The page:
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Hockey and soccer are true team sports. With a few rare exceptions, every goal that is scored is a result of a chain of events in which every member of the team played a part. The player who scores the goal may celebrate a little more exuberantly, but they really only represent the final split second in the chain of events.
Anyone who has learned to play these sports at the competitive level will tell you that, from very early on, coaches heavily emphasize passing, not shooting. After all, without the proper chain of events leading up to the goal, there is no goal.
Whether you play hockey or soccer, you need to know two things – where your teammates ARE and where they are GOING TO BE. The secret to making a good pass is to use the same rule that’s used by quarterbacks in football: pass to where the receiver is GOING TO BE, not where he IS.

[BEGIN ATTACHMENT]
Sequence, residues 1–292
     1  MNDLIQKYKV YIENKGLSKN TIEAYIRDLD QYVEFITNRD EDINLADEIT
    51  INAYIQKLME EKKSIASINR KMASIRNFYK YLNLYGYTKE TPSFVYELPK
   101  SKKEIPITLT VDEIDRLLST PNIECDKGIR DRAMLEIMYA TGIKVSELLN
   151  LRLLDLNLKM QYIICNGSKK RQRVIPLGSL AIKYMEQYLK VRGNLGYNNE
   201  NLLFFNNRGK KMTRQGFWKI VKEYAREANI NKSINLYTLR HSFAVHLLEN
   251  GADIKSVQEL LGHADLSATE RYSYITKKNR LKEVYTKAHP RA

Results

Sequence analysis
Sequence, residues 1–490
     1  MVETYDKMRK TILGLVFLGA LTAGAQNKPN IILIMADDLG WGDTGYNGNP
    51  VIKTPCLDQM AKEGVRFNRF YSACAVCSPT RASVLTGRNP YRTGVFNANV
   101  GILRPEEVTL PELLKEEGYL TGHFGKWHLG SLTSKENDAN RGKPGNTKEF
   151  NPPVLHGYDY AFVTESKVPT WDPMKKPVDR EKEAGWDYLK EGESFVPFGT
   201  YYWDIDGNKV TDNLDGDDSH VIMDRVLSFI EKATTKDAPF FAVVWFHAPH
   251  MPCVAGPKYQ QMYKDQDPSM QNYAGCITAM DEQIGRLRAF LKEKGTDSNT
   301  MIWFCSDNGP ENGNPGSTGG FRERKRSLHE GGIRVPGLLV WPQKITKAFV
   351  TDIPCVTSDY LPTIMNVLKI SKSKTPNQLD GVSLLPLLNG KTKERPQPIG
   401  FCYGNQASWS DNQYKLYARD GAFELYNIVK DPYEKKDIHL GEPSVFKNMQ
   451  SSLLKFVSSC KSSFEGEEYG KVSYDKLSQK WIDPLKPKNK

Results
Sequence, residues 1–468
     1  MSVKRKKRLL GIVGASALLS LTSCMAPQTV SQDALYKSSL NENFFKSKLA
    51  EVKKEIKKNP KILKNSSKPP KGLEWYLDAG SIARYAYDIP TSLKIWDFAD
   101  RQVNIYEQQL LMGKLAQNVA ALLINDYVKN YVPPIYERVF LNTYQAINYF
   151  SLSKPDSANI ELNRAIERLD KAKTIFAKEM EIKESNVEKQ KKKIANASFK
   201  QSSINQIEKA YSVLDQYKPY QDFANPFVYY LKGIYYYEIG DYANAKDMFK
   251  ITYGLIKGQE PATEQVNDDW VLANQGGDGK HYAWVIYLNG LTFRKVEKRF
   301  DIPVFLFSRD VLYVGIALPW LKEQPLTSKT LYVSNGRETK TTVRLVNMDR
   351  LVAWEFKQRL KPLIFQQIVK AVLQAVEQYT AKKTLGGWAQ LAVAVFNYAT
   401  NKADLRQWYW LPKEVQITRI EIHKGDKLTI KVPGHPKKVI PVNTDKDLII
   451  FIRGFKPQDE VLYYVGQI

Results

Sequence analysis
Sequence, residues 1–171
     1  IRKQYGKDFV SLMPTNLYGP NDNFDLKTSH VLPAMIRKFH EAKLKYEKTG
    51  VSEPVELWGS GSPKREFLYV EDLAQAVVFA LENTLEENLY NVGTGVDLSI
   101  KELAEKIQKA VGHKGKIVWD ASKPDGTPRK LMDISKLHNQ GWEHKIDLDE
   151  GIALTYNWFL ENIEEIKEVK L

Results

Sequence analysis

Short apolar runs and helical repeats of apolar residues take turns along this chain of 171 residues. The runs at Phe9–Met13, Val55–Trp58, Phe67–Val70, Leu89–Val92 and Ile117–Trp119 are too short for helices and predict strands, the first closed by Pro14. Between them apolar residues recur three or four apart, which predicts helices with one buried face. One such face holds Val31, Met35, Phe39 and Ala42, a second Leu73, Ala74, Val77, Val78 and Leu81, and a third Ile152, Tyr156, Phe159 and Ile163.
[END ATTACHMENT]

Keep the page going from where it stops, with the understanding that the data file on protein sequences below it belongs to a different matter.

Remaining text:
In the past we’ve talked about how recent advances in RFID and real time data sharing have given supply chain planners unprecedented information about where the product IS. But before product can be “passed” to each of the stores, they first need to figure out what their inventory position is GOING TO BE over the next several days (or weeks).
Because of lead-time and other constraints, you can’t wait until the “real time” information is telling you that you’re low on stock. By then it’s too late – the pass has gone behind the receiver.
That’s why retailers won’t be able to make drastic, sustained and across-the-board
reductions in retail out-of-stocks with RFID initiatives and transactional data sharing. The retailers who excel in the future will be the ones who put the processes in place that will anticipate each and every sale and model the chain reaction of flows all the way back
through the supply chain.